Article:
Tips for a First Time Buyer
Buying a home can be an exciting and daunting process, especially if you are buying your first property. In this article, we will explore 10 tips that could help make the experience of purchasing a house in the West Country easier.
Probably the most important stage of the process for a first-time buyer. Doing your research before you start your property journey is vital. Understanding the process, the challenges, the professionals involved, and the timeline, will mean you can start out on the right track.
Once you’ve familiarised yourself with the process, it’s time to start thinking about properties. Research which locations you are interested in, factoring in things such as family ties, work, commuting and school catchments. Shortlist some areas and consider doing drive-bys to get a feel for the local area.
You can then start to look at what properties sell for in the area, what types of property come to the market, and scope out your needs in relation to this. You may not have an exact budget, but having a ballpark figure in mind can refine this process and help you as you draw up a list of must-haves.
Once you are more confident with the process of buying a house, it’s wise to speak to a mortgage or financial advisor to better understand what you can afford.
If you start viewing houses before understanding this, you may find yourself disappointed if you come to submit a mortgage application and are unable to borrow as much as you would like.
It’s also better to do this as early as possible, as mortgage advisers can outline what lifestyle changes you may need to consider for affordability reasons.
You may get a mortgage in principle, which is basically a document that details how much you are able to borrow. Some vendors and agents will ask first time buyers for proof of funds or a mortgage in principle before accepting offers, or even viewings. This is especially important during highly competitive and busy periods.
For more advice on mortgages, speak to our partners, Cooper Associates, who will be able to walk you through the process.
Consider Other Costs*
As you begin to assess your mortgage affordability, you also need to consider the short term costs that come with moving home.
The costs vary for each move, but you can expect to factor in costs such as:
- Solicitors fees
- Property searches
- Land registry fee
- Mortgage arrangement fees
As a first time buyer, you do not need to pay Stamp Duty up to £425,000. You’ll have to pay stamp duty on the amount that exceeds this limit.
The costs that go into the move itself will have to be paid up front to facilitate the purchase, so be sure to know what to expect before starting your property journey.
If you’re looking to buy a home, chances are you’re probably spending much of your free time scrolling through Rightmove and other portals. This is fine of course but properties can come to the market daily, meaning if you’re working or otherwise busy, you might miss new listings.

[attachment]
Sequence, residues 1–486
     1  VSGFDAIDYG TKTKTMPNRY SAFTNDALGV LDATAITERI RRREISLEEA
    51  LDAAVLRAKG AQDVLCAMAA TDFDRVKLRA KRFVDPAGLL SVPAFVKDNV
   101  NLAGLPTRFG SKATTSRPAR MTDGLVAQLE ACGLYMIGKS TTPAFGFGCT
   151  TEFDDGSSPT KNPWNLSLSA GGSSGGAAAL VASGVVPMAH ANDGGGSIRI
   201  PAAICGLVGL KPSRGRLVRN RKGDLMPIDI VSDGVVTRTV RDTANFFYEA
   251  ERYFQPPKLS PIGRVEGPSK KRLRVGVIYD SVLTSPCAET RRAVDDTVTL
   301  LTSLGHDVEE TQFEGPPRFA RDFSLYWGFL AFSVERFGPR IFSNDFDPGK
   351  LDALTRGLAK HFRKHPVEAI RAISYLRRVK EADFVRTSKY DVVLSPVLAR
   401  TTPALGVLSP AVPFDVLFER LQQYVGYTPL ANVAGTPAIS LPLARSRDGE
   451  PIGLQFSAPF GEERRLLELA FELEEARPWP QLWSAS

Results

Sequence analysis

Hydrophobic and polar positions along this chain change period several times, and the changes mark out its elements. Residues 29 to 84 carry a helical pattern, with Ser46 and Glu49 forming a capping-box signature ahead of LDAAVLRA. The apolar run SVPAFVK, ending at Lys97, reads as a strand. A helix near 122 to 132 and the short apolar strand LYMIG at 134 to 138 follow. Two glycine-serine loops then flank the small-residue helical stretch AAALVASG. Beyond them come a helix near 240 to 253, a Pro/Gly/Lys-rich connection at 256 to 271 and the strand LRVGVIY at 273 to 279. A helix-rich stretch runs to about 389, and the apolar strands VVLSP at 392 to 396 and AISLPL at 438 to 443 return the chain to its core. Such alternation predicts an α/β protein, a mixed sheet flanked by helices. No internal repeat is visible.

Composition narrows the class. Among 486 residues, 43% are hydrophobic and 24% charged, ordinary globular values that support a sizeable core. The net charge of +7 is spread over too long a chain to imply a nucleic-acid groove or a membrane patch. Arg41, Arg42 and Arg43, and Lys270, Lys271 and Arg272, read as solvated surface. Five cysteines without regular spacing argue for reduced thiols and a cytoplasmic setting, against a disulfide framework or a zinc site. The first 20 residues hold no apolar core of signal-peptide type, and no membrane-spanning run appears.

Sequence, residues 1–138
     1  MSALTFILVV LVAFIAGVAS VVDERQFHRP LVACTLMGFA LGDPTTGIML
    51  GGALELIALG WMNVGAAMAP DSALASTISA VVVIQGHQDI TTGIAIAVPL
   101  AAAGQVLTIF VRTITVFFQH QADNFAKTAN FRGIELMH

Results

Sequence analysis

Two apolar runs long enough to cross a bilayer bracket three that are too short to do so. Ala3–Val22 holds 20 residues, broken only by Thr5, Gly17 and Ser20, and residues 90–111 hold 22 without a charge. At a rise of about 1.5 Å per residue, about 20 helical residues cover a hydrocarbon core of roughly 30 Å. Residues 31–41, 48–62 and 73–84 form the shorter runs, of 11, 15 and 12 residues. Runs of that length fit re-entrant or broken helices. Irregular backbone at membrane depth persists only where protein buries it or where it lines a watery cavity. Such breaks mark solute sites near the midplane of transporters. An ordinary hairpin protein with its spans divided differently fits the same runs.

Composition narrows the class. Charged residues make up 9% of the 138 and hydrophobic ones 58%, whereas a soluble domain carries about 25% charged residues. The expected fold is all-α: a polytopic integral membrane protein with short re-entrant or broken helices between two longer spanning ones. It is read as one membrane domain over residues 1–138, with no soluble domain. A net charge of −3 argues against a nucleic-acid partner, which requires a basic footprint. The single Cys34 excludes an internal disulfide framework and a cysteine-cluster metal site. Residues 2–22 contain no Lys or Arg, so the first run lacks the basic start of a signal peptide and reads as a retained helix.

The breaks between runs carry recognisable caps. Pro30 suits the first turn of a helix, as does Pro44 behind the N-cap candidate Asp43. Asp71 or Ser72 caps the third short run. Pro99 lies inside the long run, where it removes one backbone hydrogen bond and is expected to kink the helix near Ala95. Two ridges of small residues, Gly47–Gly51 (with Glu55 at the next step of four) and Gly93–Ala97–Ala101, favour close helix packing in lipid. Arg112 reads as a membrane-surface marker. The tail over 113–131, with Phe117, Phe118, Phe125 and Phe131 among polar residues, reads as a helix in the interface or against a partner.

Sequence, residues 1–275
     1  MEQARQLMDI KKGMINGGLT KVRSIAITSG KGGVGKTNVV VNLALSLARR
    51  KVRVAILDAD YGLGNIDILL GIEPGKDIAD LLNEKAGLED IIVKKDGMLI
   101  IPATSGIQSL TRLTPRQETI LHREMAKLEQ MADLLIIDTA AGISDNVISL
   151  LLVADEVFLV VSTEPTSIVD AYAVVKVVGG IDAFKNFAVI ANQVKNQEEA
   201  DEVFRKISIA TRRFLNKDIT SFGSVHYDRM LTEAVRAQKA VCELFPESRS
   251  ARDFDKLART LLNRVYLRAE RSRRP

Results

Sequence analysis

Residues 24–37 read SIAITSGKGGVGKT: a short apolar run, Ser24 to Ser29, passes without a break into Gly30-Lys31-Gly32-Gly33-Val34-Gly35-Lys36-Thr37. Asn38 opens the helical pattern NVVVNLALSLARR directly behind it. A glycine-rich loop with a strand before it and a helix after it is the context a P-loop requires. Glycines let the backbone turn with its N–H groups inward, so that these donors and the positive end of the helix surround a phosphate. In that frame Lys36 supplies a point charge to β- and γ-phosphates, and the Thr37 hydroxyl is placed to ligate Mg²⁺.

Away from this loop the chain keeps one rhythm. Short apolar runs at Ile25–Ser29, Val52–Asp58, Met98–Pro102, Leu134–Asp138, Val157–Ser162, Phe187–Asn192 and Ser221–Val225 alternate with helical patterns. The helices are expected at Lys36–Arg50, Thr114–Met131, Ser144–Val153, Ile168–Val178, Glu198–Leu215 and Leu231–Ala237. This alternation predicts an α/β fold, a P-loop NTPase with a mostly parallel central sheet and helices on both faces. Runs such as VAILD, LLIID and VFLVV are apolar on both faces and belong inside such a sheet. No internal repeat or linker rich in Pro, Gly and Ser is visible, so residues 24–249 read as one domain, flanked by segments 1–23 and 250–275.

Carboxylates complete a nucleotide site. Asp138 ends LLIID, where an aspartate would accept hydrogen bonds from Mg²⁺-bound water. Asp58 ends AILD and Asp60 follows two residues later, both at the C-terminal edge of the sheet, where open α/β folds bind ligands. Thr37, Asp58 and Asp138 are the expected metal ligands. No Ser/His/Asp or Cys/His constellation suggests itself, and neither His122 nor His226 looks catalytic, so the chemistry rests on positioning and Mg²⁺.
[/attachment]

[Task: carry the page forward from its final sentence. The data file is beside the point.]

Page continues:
In most cases this won’t cause any harm as you’ll pick it up later. If you’re entering your property search during a busy period such as spring, summer, or the run up to Christmas, there may be more competition.
Desirable properties can be snapped up in a matter of days and in some cases, where properties are proving to be incredibly popular, agents have to cap the amount of viewings they can book at a time. You can be added to a wait list, but a sale may have been agreed before you get a look-in.
To be among the first to see new listings, be sure to register with local agents. By giving them a description of what you’re looking for, they can send you properties as soon as they are brought to market. Sometimes, they will even be able to give you a heads-up if they think a particular new instruction would be of interest.
Remember to set filters on Rightmove, OnTheMarket and other porals too. You can set these and receive notifications at certain times.
Starting to view houses can feel like the first ‘real’ step towards buying your first property. It can be very exciting, but also quite overwhelming.
It varies for every sale; some people may find their dream home after the first viewing, and other can take months. There’s no ‘correct’ way to view a home, but there are some best practices you can follow.
Consider viewing a range of property types. While you’ll have a wish-list, sometimes it takes seeing a few properties to realise what you actually want and need. You might find that you don’t need an extra room, or that you’re willing to compromise on the kitchen / diner for a better garden. You may also realise that you want a second bathroom or that you must have parking.
Don’t immediately rule anything out online; if the property boasts some features you’re interested in and it is in your price range, book a viewing!
If your budget is not flexible, avoid viewing properties that are well over your price range. If the property isn’t affordable, it’s not worth a viewing if you’re going to be left disappointed.